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Computer generated transcript

The following transcript was generated automatically from the content and has not been checked or corrected manually.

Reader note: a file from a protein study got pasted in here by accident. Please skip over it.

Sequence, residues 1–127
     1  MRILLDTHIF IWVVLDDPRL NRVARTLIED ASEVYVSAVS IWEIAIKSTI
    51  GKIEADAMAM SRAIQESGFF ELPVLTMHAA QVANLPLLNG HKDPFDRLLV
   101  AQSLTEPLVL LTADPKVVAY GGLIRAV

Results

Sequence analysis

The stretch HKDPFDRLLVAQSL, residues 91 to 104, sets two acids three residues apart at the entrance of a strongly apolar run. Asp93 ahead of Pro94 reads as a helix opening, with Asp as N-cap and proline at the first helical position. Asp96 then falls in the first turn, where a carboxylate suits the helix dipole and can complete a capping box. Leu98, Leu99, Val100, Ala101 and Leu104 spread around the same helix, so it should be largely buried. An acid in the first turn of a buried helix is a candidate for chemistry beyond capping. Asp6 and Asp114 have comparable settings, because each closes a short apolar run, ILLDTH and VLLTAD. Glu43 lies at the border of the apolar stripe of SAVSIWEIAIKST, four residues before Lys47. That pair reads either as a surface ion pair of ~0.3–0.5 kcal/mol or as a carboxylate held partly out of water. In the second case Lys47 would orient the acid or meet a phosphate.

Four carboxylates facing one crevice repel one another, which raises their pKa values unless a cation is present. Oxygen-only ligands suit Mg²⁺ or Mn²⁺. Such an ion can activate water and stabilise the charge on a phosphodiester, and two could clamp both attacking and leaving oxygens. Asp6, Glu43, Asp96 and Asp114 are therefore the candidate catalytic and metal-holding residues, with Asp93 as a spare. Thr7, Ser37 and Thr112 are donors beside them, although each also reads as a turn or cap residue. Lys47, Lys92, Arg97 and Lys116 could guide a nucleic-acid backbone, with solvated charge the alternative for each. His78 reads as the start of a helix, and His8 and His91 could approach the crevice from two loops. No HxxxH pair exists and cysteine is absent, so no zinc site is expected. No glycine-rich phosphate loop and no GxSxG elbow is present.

Good evening and welcome to our medical primary care event tonight. We have two back to back. Uh This one is, er, called outcomes of prematurity. Um And then we're gonna have another one in half an hour time on a different event link, you'll find the event link in the chat. I'm not gonna talk for long. All I'm gonna say is pop your questions in the chat. If Andrew can get through them at the end of his talk, he will, if not, these will be converted into a thread and Andrew has said he will type in the answers then. Ok. So, uh and we'll communicate the thread link to you as well. So without any further, Ado Andrew, it's open to you. Thank you very much, Steve. Um So, hello, everyone. Um My name's, er, Andrew, I'm a consultant neonatologist, um based out of the Evelia at Saint Thomas's Hospital in London. Um, and this evening, as I said, we're gonna do two topics and the first one we're gonna kick off with is about outcomes of prematurity. Um Here's a very heavy slide with the learning outcomes that um we formalize for the session, but essentially aim to just give you a bit of a, a feeling of what prematurity is about. Some of the stuff that we do on the neonatal unit. And I've tried all that kind of as like a discharge summit translator and the things that you're going to be reading about, about the baby as we discharge home and then near the end of the session, think about some of the longer term complications you might be managing patients in the community with. And then also very interestingly thinking about the impact of prematurity into adulthood and things you can do as a general practitioner. So some of this might be a bit basic. Um But hopefully you'll take something away from the session this evening just to, to start, I just wanted to put these questions out there for you to reflect on. Um And then that relates to how often when you're taking a child health history, when you've got a kid in front of you, how often you ask the family, what gestation the child was born at? And conversely when you've got an adult patient in front of you, how often do you genuinely consider what gestation that adult was born at? And I hazard that probably the second one. It's not so often, but hopefully by the end of the session, I can convince you that it's probably worth thinking a little bit more about when you're seeing your adult patients as well. So just in terms quite medical school kind of level stuff, but just so we're all singing off the same hymn sheet at the start of the session. So, prematurity, I'm talking about any baby born before 37 weeks gestation. So that's up to 36 plus six weeks, that occurs around one in 13 pregnancies in the UK. Now, um we term extreme prematurity is those born before 28 weeks of gestation. Um and that only occurs in around 6% of preterm birth. So the vast majority of preterm infants are in kind of the late prematurity category, kind of from 35 to 37 weeks. Um It's a small minority that are born before 28. There's some terms related to weight. So we've got low birth weight less than 2.5 kg, very low birth weight, less than 1.5 kg and extremely low birth weight less than a kilo. Now, these are relatively old terms, babies come a lot smaller than that these days. Um It's not uncommon to have babies born around 500 g and the smallest baby I've personally looked after weighed only 413 g at birth. So we probably need a new term nowadays, but they are the kind of standard definitions that are used and there's also this term small for gestational age. I'm sure you've heard of which is just a cut off of any baby, less than 10th centile for weight for their gestation. And just to just highlight that, you know, the term SG A, you'll know the term IUGR intrauterine growth restriction. You sometimes see people use those interchangeably, but it's just a flag that SG A is not the same as IUGR and small for gestation age, any baby under 10 centile gestation. IU R is when there's been growth restriction, that fetus has not grown as well as expected in the in UTR environment. So you could have a baby that was always destined to be a very big baby. Both parents are large, that was always going to be a baby born on the 75th centile, they might be IU gr they might not have grown as well as they could have but still be born on the 25th centile equally. You could have a small vest age baby, but they're always destined to be small for gestational age. Both parents are small and they've always had small kids. So they've grown beautifully in neutral, but they are still asg a baby. So they often do co occur, but they are slightly different terms. I'm sure you're aware about the term corrected gestation. Um That is just correcting the baby's age um for the prematurity. So for a seven day old baby, born at 24 you had a week. So that'll be 25 weeks, gestation for an older baby. Maybe they, they were born at 24 weeks and they're now 12 months old chronologically but corrected, we would refer to those as an eight month old, corrected gestational age. And that's relevant for two main things. One in terms of their growth assessment. So whenever you're plotting the weight and head circumference and length for a preterm baby, we correct for their gestational age up until two years of age. And similarly, for developmental milestones, we allow them the corrected age to meet the milestones that we expect of them though. It's not relevant for immunizations. So we still vaccinate our babies at two months of chronological age. We don't wait until that two months, post term. So we give a fair number of immunizations on the neonatal unit just for a bit of knowledge. Really, I'm not sure how much of this is widely known, but just the structure of neonatal units, which has relevance to the care of preterm babies in a number of ways. But neonatal units in the UK work in networks which are termed operational delivery networks. And there's three kind of standard types of unit. Level, one special care units, they look after the biggest and later gestation infants, level two units, local neonatal, let's look after babies from around 27 weeks and over 800 g and term babies, they might need a short period of intensive care, but less than 48 hours of ventilation or inotropes and then level three units, neonatal intensive care units, look after all babies. So from whatever gestation and however sick, the term baby might be. And the relevance for that is is that we know the outcomes are better if an extreme preterm baby is born in an appropriate unit. So if a baby, if mum comes in threatened preterm labor less than 27 weeks gestation, we know the outcomes for that baby will be better if they are delivered in a neonatal intensive care unit rather than have to be transferred postnatally, other units um provide extra services. So Evelia where I work, we also do neonatal surgery, we also a cardiac center. So we have babies with congenital heart disease deliver with us as well. If a baby does end up somewhere that they need care elsewhere, then there are specialist neonatal transfer teams that move them. There is a small picture of me when I did my stint with the London Neonatal transport team. So basically in neonatal intensive care on wheels and we'll go pick the baby up and transfer them to a high level unit and also take them back once they're better, which is also obviously an important part of the process. And there's just a further info link there for you to read a bit more about that if you wish. So, prematurity, how low do we go? So the it was not so long ago where you wouldn't really get many babies below 24 weeks um being resuscitated. But nowadays, um in select cases, we would resuscitate babies from 22 plus zero weeks, gestation. It's very much dependent on risk factors. And some of those I'll come to and also in an in depth discussion with the parents, it's obviously not a easy conversation to have, but we make sure parents are all aware of the outcome data, which I'm going to be presenting to you this evening. Um And we would offer, if the circumstances were advantageous that we would offer some life support to the baby to see how they responded and see if we can admit them to the neonatal unit once you get up to 24 weeks and above that is legally the legal limit of viability. Um You would generally find most babies would have an attempt at resuscitation from 24 weeks onwards. And I say resuscitation and kind of inverted here. A lot of babies don't need resuscitation. They need what we term a kind of supported transition. Most will come out, they'll cry, the heart will be beating and we just really need to support them into ex life in terms of resuscitation. When we think of resuscitation, we think of chest compressions and adrenaline and emergency drugs. We would generally not go to that extreme at the limits of viability. If they were not responding to airway measures and kind of more basic support, then we would deem that actually in the balance of that baby's best interest that it would not be in their best interest to pursue heroic intensive care. So it's more a kind of philosophy of supported transition. And many I was talking about, you know, being in a baby with optimal risk factors in terms of which would most likely benefit. And there's lots of things that impact that baby's prognosis. Some of those are listed here. So it depends on the mum's health as well if mum is profoundly septic and really unwell, and that can obviously have an impact on the baby, the size of the baby and whether the baby has any known congenital anomalies um for complex reasons, baby girls do better than baby boys. And that's very clear across the data. Um and it's not entirely clear at this stage why um singleton pregnancies do better than multiple multiple pregnancies. The babies always behave like a a younger gestational age. Um if they've been able to optimize with steroids and magnesium sulfate as well as as I was alluding to on the previous slide, er depending on where they actually are. So um in extreme preterm, ideally delivers in a nicu environment that the link here about the BAP guideline is quite an in depth guideline. But for those of you with a particular interest, it's an interesting thing to read just a little trivia point for those with the interest. Um Neonatology is a relatively young specialty. Um ironically and it kind of really all kicked off from JFK and JFK S. Um child was born premature, only around 34 weeks gestation, but had quite severe lung disease and passed away. It was really with the president's child dying a lot of interest and funding went into neonatal care. So you really see a huge rise in neonatal care kind of from the mid to late sixties after that event. Now, this probably I could stop the talk after this slide because this is a lovely infographic from back home, which is the British Association of Perinatal Medicine, which basically summarizes the key outcome statistics um for the lower gestations um from 22 to 26 weeks gestation, I'll just zoom in a little bit for him. So this is a really helpful graphic and we can use this in our counseling to parents as well and it it displays the information and I think quite a nice accessible format, but these are the kind of headline statistics that we have for extreme preterm infants. So really at the real limits of viability 22 weeks, gestation of the babies that we actively aim to stabilize. So some of these conversations, obviously, the parents will decide that they would not be for um for resuscitation and that's completely understandable. Um And, and we would support that family and support that baby to, to what we term comfort care, to keep the baby be comfortable after birth and allow nature to take its course. But of those babies that we do actively um support. At 22 weeks, gestation, only three out of 10 of those babies will survive. And at 23 weeks, four in 10 will survive. And then up to 24 the odds start to go in their favor. And around six in 10 of those babies will survive the pie charts to the right of that. Then show that of those babies that survive how many of them will have a severe disability. Um And severe disabilities will be classed as things like being um having severe cerebral palsy and being wheelchair dependent, having um being blind or having a significant hearing impairment. Um and there's obviously a spectrum of disability below that. Um So as you can see, it's, it's over a 50% chance that the baby will die despite our best efforts at 2223 weeks. But as I said, after 24 the majority of those babies will survive and actually only a minority will have severe disability as they grow up. Um As you might imagine the numbers get better, the later in gestation that you go. So really by the time you're getting up to 2728 weeks, gestation, the vast majority of those babies will survive, it gets kind of less than 5% will pass away at 28 weeks gestation. And again, it's a minority of those that have a real significant disability of the survivors. So that's kind of a snapshot overview and we'll, we'll go into a little bit more detail into different uh outcome measures. Um As we progress through the talk, um per natal optimization, I've already alluded to some of these things, I'm just gonna twist it around so it's slightly easy to read. Um But these are the things that we can do to try and improve the outcomes for babies before and immediately after they're born. Now, some of this relates to our obstetric colleagues in maternity care. Um and these are all the kind of risk factors that we know of in relation to increasing the risk of preterm birth. I'm not going to to read um this list out for you, but you can prove it um at your leisure. And as I said, a lot of this is kind of maternity level care. So us as neonatologists are often not really involved in managing these risk factors. What we can influence and encourage is uh the things lowered down on this list. So, trying to encourage women to deliver in the appropriate place, making sure that they have steroids and magnesium sulfate. So, steroids are critical for um reducing the risks of um respiratory distress syndrome and chronic lung disease, magnesium sulfate given to mum, as we know reduces the rates of cerebral palsy. And if there's um infection, then treating the mum is beneficial to the baby after they're born, delayed cord clamping is beneficial. Maintaining normothermia is critical and it's been shown that um if a baby is admitted to the neonatal intensive care unit, hypothermic, that is an independent risk factor for mortality. So, making sure babies are warm after birth is critical and also encouraging maternal breast milk. Just another little trivia point. I'm sure you're all familiar with the Cochrane Review um organization and their logo. That logo is a little um fox plot graph of the the meta analysis, the systemic um systemat review that was done into antenatal steroids for um chronic lung disease, respiratory distress syndrome prematurity. So, um neonatology is at the heart of the, the Cochrane logo, which is quite nice and a good little pub quiz question. So just of some of the the conditions and controversies and things um that we deal with on the neonatal unit. I'm gonna whizz through these because this is the kind of main focus of the talk but respiratory distress syndrome, that's the lung disease that preterm babies get. There's a big drive to minimize the ventilation that we give them. Um we can give surfactant without intubating them these days and we try and give as gentle ventilation as possible. Some units use prophylactic steroids, um some need steroids to extubate them to reduce the inflammation. And we also give caffeine to reduce apneas, chronic lung disease of prematurity C LD. Um That's kind of the clinical term. The pathological term is bronchopulmonary dysplasia. So, dysplastic uh lung tissue and the simplest definition of that is a baby still needing respiratory support at 36 weeks, gestation. And we know that those babies are at increased risk of complications and infections as they get older. Um Having CD can increase the risk of pulmonary hypertension, which can be very serious. But even babies with CD and even those that go home on home oxygen, the vast majority are off by 12 months of age P DS, paining ductus arteriosis get a lot of attention, but it's a hugely controversial area and the management varies widely depending on which country you are and even depending on what unit you're in. Um So there's still a lot of controversy around there. But if they are going to be treated, we generally use paracetamol or Ibuprofen. And some babies undergo kind of surgical or transcatheter management for them. Some people, babies will be very sick when they're born and be hypotensive and need inotropic support, necrotizing enterocolitis. I'm sure you've heard of can be a devastating disease. Um affects around 5% of pre babies under 32 weeks and unfortunately has quite a high mortality and can also lead to lots of other complications such as short syndrome and liver disease. And some units use probiotics to prevent that. So you might see some babies that have been given probiotics. Babies obviously can have jaundice and we have one conjugated, conjugated and babies with gut problems often develop conjugated jaundice as well. Lingu or hernias are not uncommon in the preterm population, we often like to close them just prior to, they go home. So, um, get them into the as big and as stable as we can and then quickly do it. It's almost kind of a day case procedure before they go home. Establishing feeds is obviously a key thing and some, depending on where you are, they have good neonatal outreach teams that can support NG feeds in the community. Um And you might be familiar with that where you work and there's a few other kind of complications um that we regularly manage, which are listed there. A big thing that obviously has impact longer term is preterm brain injury and there's a few specific types. So we have intraventricular hemorrhage where there's bleeding into the ventricular spaces and that goes from grade one and two, which don't generally cause longer term problems um to grade three and four when actually the bleeding is extending into the brain parenchyma. Um And that's what we term a hemorrhagic parenchymal infarction. So there's involvement of the parenchyma and that is far more linked with adverse neurodevelopmental outcomes. You can also if they've, even if the blood is contained to the ventricle and that can actually stop the reabsorption of the CSF and can lead to a situation of posthemorrhagic ventricular dilatation PH VD and some of those babies need to have um shunts inserted by the neurosurgical team and a horrible condition is periventricular accumulation in particular cystic periventricular leucomalacia, which is pictured in that bottom, right ultrasound scan there where there's kind of degradation and decay of the parenchyma based on kind of a period of poor perfusion. It usually occurs 2 to 3 weeks after the insult. And obviously, it is a devastating thing if we see it, but that will typically affect the babies that have been critically unwell with hemodynamic instability. Another key thing is retinopathy of prematurity. So, this is caused by abnormal development of the retinal vessels and we routinely screen for it in babies less than 32 weeks and less than 1.5 kg. Um And we can treat it with intravitreal injections or laser therapy. And another trivia point is uh rop is the cause of Stevie Wonder's um sight impairment. So, longer term complications, some of those I've already mentioned um and there's various things you might be asked to kind of prescribe and um put on repeat prescriptions in the community. Um Vitamins are very common. The exact formulations depend on, on where you work. Um Some babies need to go home on specialized formulas, some will go home on reflux medications and and some will be on other supplements, but less commonly in these days, I find obviously, neurodisability is one of the key things that we worry about and um it's proportional to the gestational age and birth weight. Um and the presence of one of those specific preterm brain injuries that I talked about and this is one of, um, a more recent study of the percentages of, um, babies based on the gestational age with moderate to severe impairment. Um, just a flag that the, the top of this scale is 70% not 100% because it, it looks worse than it is. Um, but it's kind of similar, um, it, it's slightly worse rates than in the bap and Infographic, which I showed, but that was just focused on severe disability. Um, in this one, it's moderate and severe as well. But you can see that at 2223 weeks, you've kind of got a 5050 chance to have a moderate to severe impairment. And as you get bigger and older in gestation, the likelihood of having that decreases, we also see that these babies can often have kind of er feeding and weaning issues related to oral aversion. Um And our therapy colleagues are very crucial in managing these babies. This is a slide that hasn't come out very well. I appreciate. Um but it, it kind of drills down into a few more specifics. The reference for this article is at the end of the talk. So I'm not gonna dwell on it because I can barely read it. So I'm sure you can't either, but you'll be, you'll have access to the slides and the references and you can perhaps have a look at that in your own time. Um we also know that um prematurity increases the rates of autistic spectrum disorder and ADHD um and to a reasonably high level, so generally around three times the rates for the general population. And again, as you might expect the likelihood of that is dependent on the gestation. Um So there's a kind of relatively recent study that looked at a big cohort of babies and it breaks it down the frequency of their diagnosis dependent on the gestation. But generally speaking, it is a multitude higher than standard term babies as a factor of those. It's probably not surprising that preterm babies can struggle at school compared to their term born peers. And this was a study that looked at the proportion of preterm babies that had special educational needs statements. So formal statements of educational need and as you can see the lowering gestation that you go, the more likely it was that a baby would have a sin in place. The there's a good resource for teachers that came out in Nottingham uni the link of which is there. So if you do know a teacher, it's probably worth forwarding that on to them. But it talks about prematurity and things they can do as teachers to support preterm infants in their classrooms. What I think is interesting just to flag you see that pick up at the end, it's kind of like AJ shaped curve. So the babies that are born and post term are also at risk of complications. Um So they have, there's a proven kind of the optimal time of delivery is around 40 weeks. But I think this is one of the most fascinating slides I've ever seen. And really a sign that we really need to tackle poverty and child health, poverty and the links with that with outcomes is that it really isn't just down to the prematurity. So this was a Scottish study that looked at all, all babies born and mapped their gestation to their, their Scottish index of multiple deprivation um based on their postcodes. Uh uh uh and, and the like. So quintile one indicates the most deprived. And so that's the top dark line and quintile five is the least deprived. So the richest kids is the bottom gray line. And essentially what that shows I draw a line across it. So essentially baby is born at 2526 weeks. Gestation from the richest areas had the same likelihood of a difficulty as a baby born at term from the poorest areas, which I think goes a long way to show that it, it's there's a lot that poverty has to answer for. Um And really the the gestation gestational age impact of communication, language difficulties and that is really not the whole story. So um that's again, the link is in the references at the end, but um a very interesting study so shows there's a lot more we can do to improve our health outcomes of our babies. So just to finish off um just a few slides on the impact into adulthood. Um So this is where I think we it has been kind of underestimated and perhaps neglected um up until now, but we know that preterm babies throughout their life have an increased risk of mortality compared to adults who were born at term. And in part, this is relatively new data because you think as I said at the start, neonatology really only picked up in the late sixties. So babies born at those extreme preterm ages in the sixties, seventies are only now reaching middle age. So we've not really had the chance to assess the impact of prematurity on adults before now. But certainly, the data that's coming out does show that complications persist into adulthood. Um We can break that down by systems, we know in particular they have an increased rates of hypertension and often quite early onset hypertension. The feeling that might be related to the development of nephrons in in the preterm kidney and that predisposing to early onset hypertension. Um It does have an impact on ischemic heart disease and heart failure, but less less convincing than hypertension. We also know that probably related to um the way that they've grown and the management of their lipids in the early preterm period, they can have increased rates of diabetes, both type one and type two rates of lipid disorders. So high cholesterol and triglycerides and the like a and also increased rates of C KD, in particular for Children that had had an acute kidney injury in the neonatal period. Um respiratory, perhaps unsurprisingly, um, babies with chronic lung disease have reduced lung function. Um and across preterm babies, um in adulthood, they have increased bronchodilator use, um increased rates of infections and increased rates of sleep disordered breathing, a neurodisability I've kind of already described but going on into adulthood that it can impact the rates of epilepsy as well as hearing impairment and mental health. And there are again, increased rates of depression, anxiety and psychosis and a Swedish study. As stated, there showed around kind of 2 to 3 times the rates of medication prescriptions for mental health disorders in a preterm population. And again, this is a, a link here to a, an interesting review article that kind of o gives an overview of that in a little bit more detail. It's not all doom and gloom though when you go down into the statistics, it can seem a bit depressing. But when you look at preterm babies quality of life, they're all reported very highly. And parents report good high quality of life for their Children who were born at extreme prematurity. And overall for all he's born less than 28 weeks, gestation, kind of one in five of them will have no major comorbidities going into adulthood. Many preterm babies achieve great things So Laura Trott is a multi gold medal winner, Albert Einstein was born preterm and recently brought the English cricketer made the news and was famously born preterm as well. Um in terms of follow up, I'm very wary of the time. We generally look after our babies up until around two years of age and then refer them on if needed. Um generally to community pediatricians if they need ongoing developmental support. And again, here's a link to a review article all about preterm follow up. So just to summarize things you can do, obviously, we know that preterm babies are at increased risk of complications. So the kind of routine health promotion is all very important and if not more important for this population, early intervention is really key, the earlier we can intervene for babies with problems the better. So you know, really if you have concerns, there's no shame refer them back, they're probably still under some pediatricians care, but if they have been discharged, have a low threshold to get them back in the pediatric services. I make use of the MDT kind of therapy team ST PTO T, they're real experts in managing these babies and we should make the most of that in the middle. There is about supporting parents and that's really key their engagement in health care and health promotion is paramount and it goes wider than just the healthcare appointments and that, but as that poverty graph showed, ensuring that the baby is growing up in the most enriched environment is possible. So supporting parents to access all the benefits and things that they are eligible for is really part of that holistic care. And as I kind of alluded to at the start, it's important that you as people that look after adult patients as well, really do acknowledge the impact of prematurity for their whole life. And when you're dealing with adults, it might not be a silly question to ask if they were born preterm, especially if they're presenting with things perhaps sooner than you would expect. So, you know, a young person with hypertension or kidney disease, it may well be related to their prematurity. So hopefully that's something that will be beneficial to you in your practice. Thanks very much. That was very much a whistle stop tour. There was as I thought half an hour would be enough just to give the highlights. But as I was putting it together, I realized there was so much I could talk about, but I've whizzed through it, but you'll have the slide, you'll have the recording. Here's a link to all the kind of key studies and things that I referenced. And I would be more than happy to answer the questions that have come in, but we'll have to do that after the next talk. Yeah. What we'll do everyone. Um If you write your question in here, I'll make sure that they have been marked with a little question mark that says added to Q and A. This will then start a thread and we'll make sure that you get notified about that thread. OK? So that you can go back, Andrew has said that he'll go back in and he will answer those questions for you. And I'll make sure whoever's asked that question gets notified by us directly that there is an answer there. OK? I've popped in the neonates the crying baby event link into the chat. So if you want to carry on and listen to Andrew for another half an hour, join us in there, Andrew. If you want, you are more than welcome to leave now and click on that and I'll see you in there in a second. Thanks very much. Thank you. So everyone, if you have any further questions, please pop them in the chat and I'll make sure that Andrew gets them, your feedback form will be in your inbox and once completed, then your attendance certificate will be on your medal account. And if you can join us on this event, we'd love to see you. Ok? Thank you very much for coming and hopefully we'll see you again soon. Take care. Bye bye.